McGill Cares: A Journey through the Diagnosis of Dementia

Wednesday, March 24, 2021 12:00to12:30

Join us on March 24, 2021 at noon for the next webcast in our biweekly series, McGill Cares, designed to support informal caregivers. During candid, 30-minute interviews with leading experts, Claire Webster, Alzheimer Care Consultant and Founder of the McGill Dementia Education Program, will explore topics related to caring for a loved one with dementia.

A Journey through the Diagnosis of Dementia

Dr. Serge Gauthier is the Director of the Alzheimer’s Disease and Related Disorders Research Unit of the McGill University Research Centre for Studies in Aging, and Professor in the Departments of Neurology & Neurosurgery, Psychiatry and Medicine at McGill University. He is leading the initiative to produce the next two editions of the World Alzheimer Reports on the crucial and inter-related topics of Diagnosis (2021) and Post-Diagnostic Support (2022). Dr. Gauthier was appointed to the Order of Canada in 2014 and the Ordre National du Québec in 2017 in recognition of his contributions to advancing our understanding of Alzheimer’s disease and dementia, and for fostering the development of research networks.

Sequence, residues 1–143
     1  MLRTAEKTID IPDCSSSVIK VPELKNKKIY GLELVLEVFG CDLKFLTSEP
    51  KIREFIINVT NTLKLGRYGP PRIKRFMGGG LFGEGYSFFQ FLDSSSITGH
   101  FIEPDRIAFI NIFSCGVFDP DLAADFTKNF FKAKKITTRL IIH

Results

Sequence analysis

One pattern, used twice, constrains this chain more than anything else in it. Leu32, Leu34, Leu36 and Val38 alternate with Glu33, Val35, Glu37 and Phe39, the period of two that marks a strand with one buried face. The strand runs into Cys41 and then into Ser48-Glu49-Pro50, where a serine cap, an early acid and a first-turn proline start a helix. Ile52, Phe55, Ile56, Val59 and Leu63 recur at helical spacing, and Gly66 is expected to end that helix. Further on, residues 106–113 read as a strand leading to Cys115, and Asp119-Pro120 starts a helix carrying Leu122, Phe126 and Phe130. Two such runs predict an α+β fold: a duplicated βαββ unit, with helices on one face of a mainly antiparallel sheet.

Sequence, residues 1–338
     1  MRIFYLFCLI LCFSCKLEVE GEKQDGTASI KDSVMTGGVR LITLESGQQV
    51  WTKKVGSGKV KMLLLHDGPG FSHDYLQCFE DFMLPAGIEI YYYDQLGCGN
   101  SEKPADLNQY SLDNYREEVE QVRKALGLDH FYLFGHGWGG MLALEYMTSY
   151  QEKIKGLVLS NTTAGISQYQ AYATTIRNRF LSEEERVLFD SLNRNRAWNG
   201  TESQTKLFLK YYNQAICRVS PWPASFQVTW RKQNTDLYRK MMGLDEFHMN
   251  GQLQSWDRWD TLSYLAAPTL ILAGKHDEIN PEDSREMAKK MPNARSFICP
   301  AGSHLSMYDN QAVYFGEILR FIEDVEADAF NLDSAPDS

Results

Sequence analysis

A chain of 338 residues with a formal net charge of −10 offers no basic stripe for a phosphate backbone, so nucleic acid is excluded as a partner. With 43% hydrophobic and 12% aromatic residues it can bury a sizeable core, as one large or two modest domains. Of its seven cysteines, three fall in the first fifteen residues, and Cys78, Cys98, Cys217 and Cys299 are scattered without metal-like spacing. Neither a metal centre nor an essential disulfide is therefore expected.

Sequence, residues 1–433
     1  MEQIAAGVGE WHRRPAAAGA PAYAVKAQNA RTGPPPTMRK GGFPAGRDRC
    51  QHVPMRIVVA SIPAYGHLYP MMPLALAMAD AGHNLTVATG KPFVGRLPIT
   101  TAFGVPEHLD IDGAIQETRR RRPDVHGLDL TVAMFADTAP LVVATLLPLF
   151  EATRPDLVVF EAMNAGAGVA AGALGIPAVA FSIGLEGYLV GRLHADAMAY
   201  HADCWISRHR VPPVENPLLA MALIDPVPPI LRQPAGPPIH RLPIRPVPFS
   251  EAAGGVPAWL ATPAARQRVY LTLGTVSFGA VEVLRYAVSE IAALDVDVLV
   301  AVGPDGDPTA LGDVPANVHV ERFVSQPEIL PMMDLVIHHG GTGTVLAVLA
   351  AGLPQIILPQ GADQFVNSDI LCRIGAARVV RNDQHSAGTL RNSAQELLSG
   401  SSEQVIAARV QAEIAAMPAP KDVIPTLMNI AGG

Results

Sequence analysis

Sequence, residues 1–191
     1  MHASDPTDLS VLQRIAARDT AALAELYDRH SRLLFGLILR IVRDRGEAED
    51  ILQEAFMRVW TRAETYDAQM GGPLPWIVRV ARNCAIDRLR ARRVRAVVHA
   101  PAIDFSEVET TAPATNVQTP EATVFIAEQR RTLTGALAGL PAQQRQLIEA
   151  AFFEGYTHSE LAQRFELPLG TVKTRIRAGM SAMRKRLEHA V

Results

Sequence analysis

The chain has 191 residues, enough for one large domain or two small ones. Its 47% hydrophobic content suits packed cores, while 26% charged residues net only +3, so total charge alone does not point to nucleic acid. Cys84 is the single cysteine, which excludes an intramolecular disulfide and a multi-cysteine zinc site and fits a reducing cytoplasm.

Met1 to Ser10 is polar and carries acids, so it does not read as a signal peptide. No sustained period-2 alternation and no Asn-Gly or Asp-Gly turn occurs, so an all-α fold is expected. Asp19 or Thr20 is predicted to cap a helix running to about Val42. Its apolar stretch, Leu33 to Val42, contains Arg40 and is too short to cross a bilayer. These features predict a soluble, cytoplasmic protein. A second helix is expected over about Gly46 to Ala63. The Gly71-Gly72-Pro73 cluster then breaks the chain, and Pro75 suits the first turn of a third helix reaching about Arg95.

Dr. Gauthier will provide a detailed presentation on the signs and symptoms of dementia. He will discuss how to best to prepare for the first medical appointment and what to expect, how a diagnosis is made through various tests, and what individuals and care partners need to do immediately following a diagnosis of dementia.

This episode of McGill Cares is made possible by the Lindsay Memorial Foundation.

This webcast is free and open to the public and will be available simultaneously in English and French.

Click here beginning at 12:00 pm EDT on Wednesday, March 24 to watch this webcast in English.  Please note that we were having technical difficulties but this has now been fixed. The video is being recorded and can now be viewed in it's entirety using this link: https://youtu.be/-obS0SnuPu8 Our apologies for this inconvenience.


Back to top